If we are lucky, we may have a spouse or partner willing to drop off the occasional beer as the kitchen was en-route to their intended destination anyway. Between texting and Playstation you may be fortunate enough to have an instruction completed to your satisfaction by your kids. Other than that you are basically on your own.
Time and money
Coaching is a full-time job, these days a highly paid job, where travel and accommodation expenses are taken care of, performance bonuses and Per Diem allowances are the order of the day and the coaches can spend 365 days a year focused and dedicated to their profession.
The amateur analyst and commentator on the other hand has a day-time job, something totally unrelated to the sport he so lovingly observes and follows. His research, debate and commitment to the sport is done on a part-time basis, no matter how obsessive you may be towards your chosen sport, it is not a full-time occupation.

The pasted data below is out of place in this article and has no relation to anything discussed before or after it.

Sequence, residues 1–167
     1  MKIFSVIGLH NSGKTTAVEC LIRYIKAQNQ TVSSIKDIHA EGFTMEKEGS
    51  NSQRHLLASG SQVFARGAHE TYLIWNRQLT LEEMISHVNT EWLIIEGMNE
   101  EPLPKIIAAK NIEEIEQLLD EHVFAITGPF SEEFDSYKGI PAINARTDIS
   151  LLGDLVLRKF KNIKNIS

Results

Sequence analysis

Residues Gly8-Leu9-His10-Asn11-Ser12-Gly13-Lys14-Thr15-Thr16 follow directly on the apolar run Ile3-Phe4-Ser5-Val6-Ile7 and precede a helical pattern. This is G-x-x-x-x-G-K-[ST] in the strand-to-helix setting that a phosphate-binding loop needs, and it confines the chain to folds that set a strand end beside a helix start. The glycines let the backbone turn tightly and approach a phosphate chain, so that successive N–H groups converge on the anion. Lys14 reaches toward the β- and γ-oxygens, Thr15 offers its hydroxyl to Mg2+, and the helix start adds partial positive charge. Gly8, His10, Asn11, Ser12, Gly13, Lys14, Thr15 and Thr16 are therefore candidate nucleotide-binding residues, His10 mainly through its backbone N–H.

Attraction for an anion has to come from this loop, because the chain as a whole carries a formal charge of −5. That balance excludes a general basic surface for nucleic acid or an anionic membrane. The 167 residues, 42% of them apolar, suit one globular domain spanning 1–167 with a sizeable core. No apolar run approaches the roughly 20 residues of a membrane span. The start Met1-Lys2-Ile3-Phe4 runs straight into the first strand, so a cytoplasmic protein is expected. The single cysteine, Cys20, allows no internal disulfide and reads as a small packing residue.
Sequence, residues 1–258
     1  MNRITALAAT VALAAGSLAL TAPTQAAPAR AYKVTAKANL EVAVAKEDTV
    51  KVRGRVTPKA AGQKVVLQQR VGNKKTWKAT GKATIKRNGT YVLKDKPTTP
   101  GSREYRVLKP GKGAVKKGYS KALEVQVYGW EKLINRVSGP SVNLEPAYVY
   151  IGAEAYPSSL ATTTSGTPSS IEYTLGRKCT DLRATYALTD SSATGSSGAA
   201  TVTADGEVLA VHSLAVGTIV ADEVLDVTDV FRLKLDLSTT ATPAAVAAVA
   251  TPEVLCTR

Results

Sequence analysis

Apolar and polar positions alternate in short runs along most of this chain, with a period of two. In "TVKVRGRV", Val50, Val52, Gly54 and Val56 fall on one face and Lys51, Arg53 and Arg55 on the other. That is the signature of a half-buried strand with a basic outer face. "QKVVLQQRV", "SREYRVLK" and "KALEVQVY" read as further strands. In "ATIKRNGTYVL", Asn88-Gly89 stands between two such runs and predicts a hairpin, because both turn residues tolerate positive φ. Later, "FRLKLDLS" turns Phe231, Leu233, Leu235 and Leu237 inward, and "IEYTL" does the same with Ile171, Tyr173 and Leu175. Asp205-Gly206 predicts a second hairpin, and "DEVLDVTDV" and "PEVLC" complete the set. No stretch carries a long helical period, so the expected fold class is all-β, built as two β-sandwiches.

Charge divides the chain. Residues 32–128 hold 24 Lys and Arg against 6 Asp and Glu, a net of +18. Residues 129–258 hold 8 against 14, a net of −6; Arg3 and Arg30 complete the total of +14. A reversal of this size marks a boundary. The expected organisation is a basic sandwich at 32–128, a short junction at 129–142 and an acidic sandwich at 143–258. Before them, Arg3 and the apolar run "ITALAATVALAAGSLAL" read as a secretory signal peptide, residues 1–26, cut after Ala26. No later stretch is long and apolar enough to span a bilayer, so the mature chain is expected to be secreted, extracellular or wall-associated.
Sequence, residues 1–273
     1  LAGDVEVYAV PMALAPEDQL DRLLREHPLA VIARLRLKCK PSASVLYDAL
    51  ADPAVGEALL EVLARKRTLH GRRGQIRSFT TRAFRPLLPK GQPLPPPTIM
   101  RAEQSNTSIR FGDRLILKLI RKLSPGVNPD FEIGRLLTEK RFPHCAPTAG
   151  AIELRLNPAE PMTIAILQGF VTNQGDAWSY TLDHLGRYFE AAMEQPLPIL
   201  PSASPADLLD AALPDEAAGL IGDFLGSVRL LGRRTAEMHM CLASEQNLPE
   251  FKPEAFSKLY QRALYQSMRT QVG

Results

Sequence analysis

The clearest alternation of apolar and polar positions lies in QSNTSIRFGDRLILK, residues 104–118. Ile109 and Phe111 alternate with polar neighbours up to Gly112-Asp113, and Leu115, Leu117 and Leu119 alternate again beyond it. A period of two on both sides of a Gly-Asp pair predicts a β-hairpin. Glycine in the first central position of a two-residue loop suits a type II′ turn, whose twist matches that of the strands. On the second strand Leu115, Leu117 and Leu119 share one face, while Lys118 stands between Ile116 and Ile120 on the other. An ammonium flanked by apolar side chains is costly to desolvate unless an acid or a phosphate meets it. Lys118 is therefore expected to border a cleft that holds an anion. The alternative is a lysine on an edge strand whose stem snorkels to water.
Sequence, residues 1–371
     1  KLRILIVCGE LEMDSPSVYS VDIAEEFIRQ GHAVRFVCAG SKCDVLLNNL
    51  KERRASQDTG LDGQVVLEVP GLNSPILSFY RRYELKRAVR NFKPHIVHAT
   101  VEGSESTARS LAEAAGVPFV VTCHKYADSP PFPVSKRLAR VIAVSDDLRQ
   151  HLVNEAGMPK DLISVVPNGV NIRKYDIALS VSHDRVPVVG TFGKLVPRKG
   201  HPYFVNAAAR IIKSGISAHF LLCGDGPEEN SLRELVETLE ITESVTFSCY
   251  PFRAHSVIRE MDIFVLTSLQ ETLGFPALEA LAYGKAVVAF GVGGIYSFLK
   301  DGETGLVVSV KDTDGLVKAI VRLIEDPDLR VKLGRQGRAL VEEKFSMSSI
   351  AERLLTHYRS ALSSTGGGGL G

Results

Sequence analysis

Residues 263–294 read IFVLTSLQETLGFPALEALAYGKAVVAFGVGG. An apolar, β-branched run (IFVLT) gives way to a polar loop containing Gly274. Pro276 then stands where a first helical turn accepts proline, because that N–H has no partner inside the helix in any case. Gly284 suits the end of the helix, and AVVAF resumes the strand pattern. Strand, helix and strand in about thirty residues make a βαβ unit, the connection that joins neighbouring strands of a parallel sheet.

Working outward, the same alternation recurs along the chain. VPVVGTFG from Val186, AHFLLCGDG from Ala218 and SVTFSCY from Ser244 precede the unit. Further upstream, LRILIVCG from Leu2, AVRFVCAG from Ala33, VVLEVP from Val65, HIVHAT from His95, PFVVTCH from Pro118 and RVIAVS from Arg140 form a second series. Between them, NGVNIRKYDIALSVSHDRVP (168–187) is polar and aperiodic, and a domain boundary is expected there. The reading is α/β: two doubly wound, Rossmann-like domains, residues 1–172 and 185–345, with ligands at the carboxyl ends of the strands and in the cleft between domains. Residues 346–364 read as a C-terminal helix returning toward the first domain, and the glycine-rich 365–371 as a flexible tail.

Coaches have captains at their beck and call, a leadership group who can make on-field suggestions and share in the responsibility of making decisions.
We don’t, any decision made in your life, the responsibility and accountability rests squarely on your shoulders. The dissatisfaction or disapproval so regularly observed by the diehard rugby supporter in the eyes of a spouse, adolescent teen or parent due to the dismissal or neglect of any other family-orientated pastimes in favour of watching yet another Super Rugby or Test match is a cross we ultimately bear alone.
The coach has a professionally appointed media officer who takes care of the media, the only real responsibility the coach has towards the media is a post-match conference or interview. In all fairness, that is nothing but providing a bit of lip service, confirming everyone was fantastic and saying that they will learn from their mistakes and the opposition is respected.
As an amateur commentator your every word is in print and open to criticism, not only your completely unbiased and well formulated opinion, but your use of language, your vocabulary is under scrutiny, your writing style, your use of a few well-placed smileys when the message might come across as slightly harsh or sarcastic.